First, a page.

CHURCH OF ST. MARTIN DE LA BELLOUSE
Guernsey, Channel Islands
This is one of the Channel Islands most venerable churches, dating back to at least 1048 when Duke William “the Bastard” (later to be William the Conqueror) granted the church to the Abbot of Marmoutiers in the Centre region of France (near Tours). At this time the Channel Islands were under Norman control – indeed they remained so after 1066 and islanders still refer to the Queen as “Our Duke”.
Up until 1415 all the revenues from the Parish were sent to Marmoutiers. In that year Henry V confiscated the revenues, but it was not until 1568 that the Channel Islands finally became part of an English diocese, Winchester.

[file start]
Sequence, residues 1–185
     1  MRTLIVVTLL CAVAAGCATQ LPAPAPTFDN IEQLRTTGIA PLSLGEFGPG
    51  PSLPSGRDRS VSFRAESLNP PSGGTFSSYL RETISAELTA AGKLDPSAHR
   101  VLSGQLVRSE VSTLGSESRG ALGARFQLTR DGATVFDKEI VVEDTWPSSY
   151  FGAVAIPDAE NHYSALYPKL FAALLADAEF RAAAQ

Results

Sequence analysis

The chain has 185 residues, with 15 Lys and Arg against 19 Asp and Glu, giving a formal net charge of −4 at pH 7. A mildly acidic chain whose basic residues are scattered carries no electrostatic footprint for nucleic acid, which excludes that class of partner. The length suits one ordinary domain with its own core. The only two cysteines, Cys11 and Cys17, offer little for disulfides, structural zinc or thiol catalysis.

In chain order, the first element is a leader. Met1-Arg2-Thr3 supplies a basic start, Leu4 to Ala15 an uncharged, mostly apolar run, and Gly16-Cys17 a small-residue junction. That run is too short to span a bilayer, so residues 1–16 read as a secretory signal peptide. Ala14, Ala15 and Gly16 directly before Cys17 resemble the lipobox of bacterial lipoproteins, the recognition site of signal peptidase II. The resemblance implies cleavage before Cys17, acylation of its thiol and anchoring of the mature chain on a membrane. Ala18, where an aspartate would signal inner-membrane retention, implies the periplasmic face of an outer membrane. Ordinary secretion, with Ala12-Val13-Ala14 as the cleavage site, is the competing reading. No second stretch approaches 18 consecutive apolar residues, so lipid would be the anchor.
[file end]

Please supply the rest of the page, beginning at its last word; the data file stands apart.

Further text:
There is uncertainty about the name “de la Bellouse”, the closest root people can find for the word is “belorsa” which is Breton for sloe bush.
Just outside the church yard is La Gran’ Mere du Chimquiere (pictured foreground). She is a Neolithic menhir dating to 2500-1800 BC. Here name translates as The Grandmother of the Churchyard. She used to stand near the church porch, but in Victorian times she was broken in two to be destroyed. The local people kidnapped the broken pieces and repaired her and then placed her where she now stands – outside church land.
Photo - Andrew J. Müller
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